Laura Riding Jackson house about to begin journey to new home

Laura Riding Jackson House [Photo: Kaila Jones]

With heavy equipment and kid gloves, work crews are preparing the 110-year-old Laura Riding Jackson house for what will be its final journey – from the Environmental Learning Center off the Wabasso Causeway, where it spent the past 25 years, to its new home on the Vero Beach campus of Indian River State College, a trip of about 12 miles.

The costly project, which requires breaking the house into several sections, is underway at the Environmental Learning Center at the same time as the home’s new site is being prepared at the college campus.

Proctor Construction Company is preparing the historic Florida cracker structure for the move, working with Brownie Structural Movers, a fourth-generation Florida-based company that has moved 5,000 structures, which will handle the actual transport.

“We’ve begun making interior cuts along three walls and are in the process of slipping support beams under the house,” said project manager Eric Crockett. The separation won’t be completed “until Mr. Brownie can support the house with his moving equipment.”

To ensure adequate support and protection from the weather during the snail’s-pace, 12-mile move, open walls will be temporarily framed and covered.

The disassembly began, as hoped, at the end of May, but there is no precise move date just yet. “Hopefully” and “tentative” are the Words of the Day – unknowns such as weather, traffic and structural surprises found as the house is taken apart are variables in the house-moving equation.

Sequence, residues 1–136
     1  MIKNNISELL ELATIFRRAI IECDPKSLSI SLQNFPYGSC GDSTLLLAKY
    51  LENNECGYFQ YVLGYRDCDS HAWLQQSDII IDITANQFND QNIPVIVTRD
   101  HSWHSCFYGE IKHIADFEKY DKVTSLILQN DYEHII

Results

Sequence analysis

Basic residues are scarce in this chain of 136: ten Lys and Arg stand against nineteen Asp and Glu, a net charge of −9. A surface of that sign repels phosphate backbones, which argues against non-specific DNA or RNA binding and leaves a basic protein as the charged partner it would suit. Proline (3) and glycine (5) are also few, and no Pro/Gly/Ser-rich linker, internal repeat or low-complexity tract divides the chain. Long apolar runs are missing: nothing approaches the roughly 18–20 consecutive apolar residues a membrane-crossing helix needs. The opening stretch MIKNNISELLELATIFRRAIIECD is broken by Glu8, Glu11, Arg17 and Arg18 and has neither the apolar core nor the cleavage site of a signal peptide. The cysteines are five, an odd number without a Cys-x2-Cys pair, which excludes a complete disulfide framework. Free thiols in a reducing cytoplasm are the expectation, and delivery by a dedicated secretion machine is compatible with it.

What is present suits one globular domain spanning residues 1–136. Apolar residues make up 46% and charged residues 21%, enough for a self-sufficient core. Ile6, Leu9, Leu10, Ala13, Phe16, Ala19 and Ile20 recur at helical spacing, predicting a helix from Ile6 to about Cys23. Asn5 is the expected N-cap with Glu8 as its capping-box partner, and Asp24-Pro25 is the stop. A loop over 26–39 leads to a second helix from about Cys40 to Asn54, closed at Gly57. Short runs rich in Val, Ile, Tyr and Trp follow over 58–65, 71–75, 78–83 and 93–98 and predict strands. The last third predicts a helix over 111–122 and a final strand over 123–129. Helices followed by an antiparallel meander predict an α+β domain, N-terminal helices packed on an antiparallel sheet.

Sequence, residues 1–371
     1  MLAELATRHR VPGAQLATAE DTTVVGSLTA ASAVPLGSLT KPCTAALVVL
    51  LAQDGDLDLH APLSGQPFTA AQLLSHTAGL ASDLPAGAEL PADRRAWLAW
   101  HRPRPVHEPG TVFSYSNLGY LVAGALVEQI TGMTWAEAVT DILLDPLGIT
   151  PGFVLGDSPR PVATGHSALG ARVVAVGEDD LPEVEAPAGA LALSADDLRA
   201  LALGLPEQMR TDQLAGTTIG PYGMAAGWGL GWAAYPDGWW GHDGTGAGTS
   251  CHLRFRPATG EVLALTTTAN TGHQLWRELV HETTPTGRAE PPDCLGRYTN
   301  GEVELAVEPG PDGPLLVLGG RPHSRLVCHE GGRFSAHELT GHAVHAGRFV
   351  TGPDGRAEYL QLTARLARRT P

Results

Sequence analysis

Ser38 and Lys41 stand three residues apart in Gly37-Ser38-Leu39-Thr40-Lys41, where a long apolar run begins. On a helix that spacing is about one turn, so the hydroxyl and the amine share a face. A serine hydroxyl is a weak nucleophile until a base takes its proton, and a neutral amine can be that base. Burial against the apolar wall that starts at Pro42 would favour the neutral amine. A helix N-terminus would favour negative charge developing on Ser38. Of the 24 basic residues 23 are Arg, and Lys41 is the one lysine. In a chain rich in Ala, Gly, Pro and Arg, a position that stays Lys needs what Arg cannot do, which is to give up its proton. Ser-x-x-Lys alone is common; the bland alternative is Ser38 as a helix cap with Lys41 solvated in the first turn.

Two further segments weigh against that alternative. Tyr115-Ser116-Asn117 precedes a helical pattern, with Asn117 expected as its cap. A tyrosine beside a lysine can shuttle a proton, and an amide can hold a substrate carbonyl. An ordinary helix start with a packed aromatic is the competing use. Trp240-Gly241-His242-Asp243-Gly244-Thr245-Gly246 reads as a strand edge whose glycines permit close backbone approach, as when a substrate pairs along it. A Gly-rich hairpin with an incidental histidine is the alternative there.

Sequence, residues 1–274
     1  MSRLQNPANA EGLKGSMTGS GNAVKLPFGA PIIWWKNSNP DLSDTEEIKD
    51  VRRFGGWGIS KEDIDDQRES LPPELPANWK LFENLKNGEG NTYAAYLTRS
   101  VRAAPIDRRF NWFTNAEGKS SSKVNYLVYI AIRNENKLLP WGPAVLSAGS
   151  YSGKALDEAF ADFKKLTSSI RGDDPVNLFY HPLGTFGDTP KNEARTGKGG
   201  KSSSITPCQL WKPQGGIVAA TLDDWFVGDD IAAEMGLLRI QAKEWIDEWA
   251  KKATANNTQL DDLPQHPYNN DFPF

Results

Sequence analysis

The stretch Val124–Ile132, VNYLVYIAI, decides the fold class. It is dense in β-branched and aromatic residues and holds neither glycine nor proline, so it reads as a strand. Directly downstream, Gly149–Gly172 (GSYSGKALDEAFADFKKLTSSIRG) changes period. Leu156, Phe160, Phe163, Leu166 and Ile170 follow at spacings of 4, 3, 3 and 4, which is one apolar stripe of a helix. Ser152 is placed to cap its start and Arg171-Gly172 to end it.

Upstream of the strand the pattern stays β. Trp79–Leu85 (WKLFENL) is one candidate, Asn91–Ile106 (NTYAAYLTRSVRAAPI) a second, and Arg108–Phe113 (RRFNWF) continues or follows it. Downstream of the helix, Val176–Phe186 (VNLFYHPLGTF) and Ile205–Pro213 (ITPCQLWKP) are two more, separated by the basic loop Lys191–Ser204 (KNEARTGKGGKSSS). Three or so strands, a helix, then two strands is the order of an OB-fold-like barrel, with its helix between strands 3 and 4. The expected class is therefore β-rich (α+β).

“Mr. Brownie is hesitant to provide any sort of schedule until a bit further into the project,” said Crockett.

Brownie led a walk-through of the house earlier this month, pointing out what must be done to prepare and stabilize the structure. He indicated where support lumber and steel beams would be positioned; noted where the top section of the chimney would be removed, brick by brick; and indicated the best places on the walls to separate rooms with as little damage as possible.

Not until walls are actually opened up, he said, can decisions be made as to how to proceed. For example, a façade of newer bricks on a section of the chimney could mean original bricks remain beneath.

“We’re going to take this thing apart with kid gloves,” Brownie asserted. “That’ll make it easier on you guys when you put it back together. We want to recycle and save as much as possible; and take apart as little as possible.”

Meanwhile, work is under way at the IRSC Mueller Center campus, preparing the .71-acre site where the house will be reassembled.

So far, the Laura Riding Jackson house project has racked up more than $300,000 in costs.

Noting that the main house will need to be moved early on a Sunday morning “while the traffic is light” (it will require two traffic lanes), Crockett offered his professional opinion that “we are potentially looking to start moving structures to the Mueller Campus the week of June 24, hopefully sooner.”

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